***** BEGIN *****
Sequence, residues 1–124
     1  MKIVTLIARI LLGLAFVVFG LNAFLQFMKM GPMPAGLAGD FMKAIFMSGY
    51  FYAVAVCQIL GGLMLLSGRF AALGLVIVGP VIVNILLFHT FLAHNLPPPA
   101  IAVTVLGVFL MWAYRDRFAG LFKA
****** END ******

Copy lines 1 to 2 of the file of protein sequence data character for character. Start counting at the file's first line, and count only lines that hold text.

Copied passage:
Sequence, residues 1–124
     1  MKIVTLIARI LLGLAFVVFG LNAFLQFMKM GPMPAGLAGD FMKAIFMSGY